Wednesday, February 6, 2019

"Types" Of Crude Oil And Crude Oil Benchmarks

FAQ #88 over at the "FAQs Page."

Disclaimer: some/much/all of this could be wrong. I've put this together over the years, from different sources. Information is not always confirmed and often not updated. It's for my own personal interest to help me sort this out. This should not be used by folks who are seriously invested in this issue.

April 18, 2019: Argus announces two new benchmarks: WTL (West Texas Light) and NSD (North Sea Dated).
  • From the first link;
    • WTI: Cushing
    • WTI Permian: 40-44°API
    • WTI Midland: Midland terminals (light oil, 44.1-49.9°API)
    • WTL: Houston (light oil, 44.1-49.9°API)
February 7, 2019: RBN Energy has nice update regarding this subject.

February 18, 2019: see heavy oil, a primer, here.

Types / Grades / API / Sweet / Sour

NYMEX:
  • light crude oil for domestic U.S. oil as having an API gravity between 37° API and 42° API 
  • light crude oil for non-U.S. oil as being between 32° API  and 42° API
Canadian National Energy Board:
  • light crude oil as having a density API gravity greater than 30.1°
Alberta, government; Alberta process most of Canada's oil:
  • API gravity greater than 35° API
Pemex, Mexican state oil company:
  • light crude oil as being between 27° API and 38° API 
This variation in definition occurred because countries such as Canada and Mexico tend to have heavier crude oils than are commonly found in the United States, whose large oil fields historically produced lighter oils than are found in many other countries.
Loop Sour: see this post.
LOOP Sour comprises US Gulf of Mexico grades Mars and Poseidon and a crude blend called Segregation 17, named after a cavern into which the Middle Eastern grades Arab Medium, Basrah Light and Kuwait Export Crude can be delivered. The grade has been most similar to Mars in terms of API gravity over the past 12 months, averaging 0.33 degree off Mars’ typical 29.44; and from a sulfur standpoint, averaging 0.02 percentage point off Arab Medium’s typical 2.53%.
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Benchmarks

Much, but not all, information below comes from wiki.

WTI
  • A wide variety of benchmark crude oils worldwide are considered to be light. The most prominent in North America is West Texas Intermediate (WTI):
  • API gravity of 39.6° API; lighter than Brent, but not by much
  • sulfur: 0.24% (sweet oil is defined as oil with sulfur content less than 0.5%)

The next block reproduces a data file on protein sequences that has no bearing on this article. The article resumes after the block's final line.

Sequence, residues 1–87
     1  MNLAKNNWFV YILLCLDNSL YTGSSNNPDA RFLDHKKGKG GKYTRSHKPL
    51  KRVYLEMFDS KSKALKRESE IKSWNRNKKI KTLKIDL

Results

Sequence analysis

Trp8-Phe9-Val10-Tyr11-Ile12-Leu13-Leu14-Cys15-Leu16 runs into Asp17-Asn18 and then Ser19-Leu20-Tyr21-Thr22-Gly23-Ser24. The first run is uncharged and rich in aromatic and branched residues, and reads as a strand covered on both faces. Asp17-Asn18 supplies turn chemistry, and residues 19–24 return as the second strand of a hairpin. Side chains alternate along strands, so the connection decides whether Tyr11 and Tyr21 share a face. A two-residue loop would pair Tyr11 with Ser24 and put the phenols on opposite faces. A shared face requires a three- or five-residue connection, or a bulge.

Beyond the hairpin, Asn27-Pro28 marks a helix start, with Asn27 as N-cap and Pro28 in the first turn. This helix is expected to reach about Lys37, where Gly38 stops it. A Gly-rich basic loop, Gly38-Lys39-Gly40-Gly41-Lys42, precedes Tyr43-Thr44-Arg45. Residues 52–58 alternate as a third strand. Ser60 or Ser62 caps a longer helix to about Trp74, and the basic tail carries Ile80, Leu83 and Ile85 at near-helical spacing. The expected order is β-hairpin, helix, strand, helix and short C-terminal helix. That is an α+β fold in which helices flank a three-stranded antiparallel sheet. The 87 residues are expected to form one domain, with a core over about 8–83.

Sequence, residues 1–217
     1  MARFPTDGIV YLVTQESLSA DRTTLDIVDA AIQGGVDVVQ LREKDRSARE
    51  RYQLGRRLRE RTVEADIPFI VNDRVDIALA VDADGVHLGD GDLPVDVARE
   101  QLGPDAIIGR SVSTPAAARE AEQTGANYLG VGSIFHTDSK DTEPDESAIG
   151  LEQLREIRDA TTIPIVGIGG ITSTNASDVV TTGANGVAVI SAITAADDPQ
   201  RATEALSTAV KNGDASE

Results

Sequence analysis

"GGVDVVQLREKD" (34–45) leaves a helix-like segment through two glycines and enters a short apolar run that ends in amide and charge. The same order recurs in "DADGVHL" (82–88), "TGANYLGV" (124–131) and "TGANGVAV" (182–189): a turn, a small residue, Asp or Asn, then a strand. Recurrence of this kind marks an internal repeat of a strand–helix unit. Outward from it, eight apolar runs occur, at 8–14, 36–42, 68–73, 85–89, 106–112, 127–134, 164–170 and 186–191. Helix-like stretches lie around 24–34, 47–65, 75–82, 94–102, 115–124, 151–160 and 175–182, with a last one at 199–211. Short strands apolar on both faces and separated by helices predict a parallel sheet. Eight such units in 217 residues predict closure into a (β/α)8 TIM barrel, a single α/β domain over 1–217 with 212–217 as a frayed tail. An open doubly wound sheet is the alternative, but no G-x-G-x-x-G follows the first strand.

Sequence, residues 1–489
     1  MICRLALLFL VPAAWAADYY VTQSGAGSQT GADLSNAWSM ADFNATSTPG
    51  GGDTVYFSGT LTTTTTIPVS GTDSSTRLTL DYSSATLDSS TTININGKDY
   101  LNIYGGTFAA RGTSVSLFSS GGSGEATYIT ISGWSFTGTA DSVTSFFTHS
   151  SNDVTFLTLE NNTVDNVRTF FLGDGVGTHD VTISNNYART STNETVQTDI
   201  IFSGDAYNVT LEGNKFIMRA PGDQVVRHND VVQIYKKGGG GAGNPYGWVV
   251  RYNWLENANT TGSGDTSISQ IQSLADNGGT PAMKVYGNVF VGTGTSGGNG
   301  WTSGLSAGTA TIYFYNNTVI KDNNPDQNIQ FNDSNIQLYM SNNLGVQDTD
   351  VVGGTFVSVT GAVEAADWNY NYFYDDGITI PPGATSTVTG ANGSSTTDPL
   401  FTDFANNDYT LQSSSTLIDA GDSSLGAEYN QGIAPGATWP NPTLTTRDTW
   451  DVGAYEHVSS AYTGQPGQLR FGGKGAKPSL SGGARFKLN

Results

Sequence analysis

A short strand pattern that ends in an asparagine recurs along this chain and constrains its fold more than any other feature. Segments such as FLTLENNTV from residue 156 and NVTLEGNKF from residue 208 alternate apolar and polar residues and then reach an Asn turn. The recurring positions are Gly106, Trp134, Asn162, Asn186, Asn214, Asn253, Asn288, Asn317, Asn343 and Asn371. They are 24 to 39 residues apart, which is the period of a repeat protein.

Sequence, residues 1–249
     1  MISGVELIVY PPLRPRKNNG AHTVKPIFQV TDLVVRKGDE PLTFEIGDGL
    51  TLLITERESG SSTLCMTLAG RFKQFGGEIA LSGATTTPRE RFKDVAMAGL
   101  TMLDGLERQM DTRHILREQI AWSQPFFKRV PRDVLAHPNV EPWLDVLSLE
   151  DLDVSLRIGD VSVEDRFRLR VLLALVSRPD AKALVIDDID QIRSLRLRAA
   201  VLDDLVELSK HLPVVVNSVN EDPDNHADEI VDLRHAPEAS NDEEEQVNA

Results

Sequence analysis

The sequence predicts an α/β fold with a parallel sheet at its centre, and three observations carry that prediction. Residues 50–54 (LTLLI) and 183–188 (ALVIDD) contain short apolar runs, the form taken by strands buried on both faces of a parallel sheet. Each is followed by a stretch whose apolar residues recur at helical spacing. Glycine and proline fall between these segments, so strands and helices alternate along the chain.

Brent Crude
  • "basket" changed in early 2017 due to older fields depleting
    • Platts will add Norway's Troll to the basket of four British and Norwegian crude grades which is already uses to assess dated Brent from January 1, 2018
    • this will join Brent, Forties, Oseberg, Ekofisk, or BFOE as they are known
    • Troll: a light, sweet crude; operated by Statoil (also contributes to the Oseberg, Statfjord, Gullfaks, Grane and Asgard streams)
  • the most commonly referenced benchmark oil from Europe is Brent Crude, which is
  • 38.06° API
Dubai Crude
  • the third most commonly quoted benchmark is Dubai Crude, which is 31° API
  • this is considered light by Arabian standards but would not be considered light if produced in the U.S.
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Others

Saudia Arabia's Ghawar field:
  • the largest oil field in the world, Saudi Arabia's Ghawar field
  • light crude oils ranging from 33° API to 40° API (see above; most would consider Saudi oil to be medium/heavy; and sour
Alaska North Slope: from XOM -- 
  • 31.4°
  • sulfur: 0.96%
Bakken:
36 to 44 degrees API. The quality of this oil is excellent, almost identical to WTI. The benchmark crude oil is West Texas Intermediate, which is 40 degrees API sweet crude. It is the benchmark because it requires the least amount of processing in a modern refinery to make the most valuable products, unleaded gasoline and diesel fuel.
North Dakota Spearfish: 36°
Mexico: generally heavy to medium-light; sulfur content
  • Isthmus: 21.8°.3.3% sulfur
  • Maya: 33.4°; 1.35% sulfur
  • Olmeca: 37.3°; 0.84% sulfur
Iraqi: heavy oil
Crude oil found in Iraq varies significantly in quality, with API gravities generally ranging from 22° (heavy) to 35° (medium - light).
Over 70% of national oil reserves are below 28° API  and the International Energy Agency (IEA) predicted in its 2012 report on Iraq that future production is likely to include a larger share of heavier crudes. However some of the crudes produced at the Taq Taq field in the norther semi-autonomous Kurdistan region are as light as 48° API, dubbed by Reuters as "champagne crude." See Taq Taq here.  
California: heavy oil; pdf here -- old data, from 2004, but type of oil probably has not changed
  • Kern County: heavy oil with 1.2% sulfur; accounts for 75% of California's on-shore production
  • Los Angeles Basin: heavy oil; sulfur content 1.7% to 2.0%
  • Off-shore: intermediate for the most part, 18° (heavy) to 36° (medium-light)
Ecuador: heavy oil; 24.1°
Seeks low-sulphur, light oil, September 1, 2015:
Net crude exporter Petroecuador issued a tender to import 30 million barrels of light sweet crude over the course of a year in an attempt to maximize diesel and gasoline production when its Esmeraldas refinery comes back online in the fourth quarter, market sources said Tuesday.

Petroecuador is seeking 30 million barrels of low sulfur crude oil with an API gravity of 28 degrees to be delivered in a one-year period, according to a tender issued late Monday.

The state-owned oil company is seeking the barrels "in order to optimize the Esmeraldas refinery operations, once the revamping has been complete," the tender said. 
Venezuela: heavy oil, similar to Canadian oil sands.

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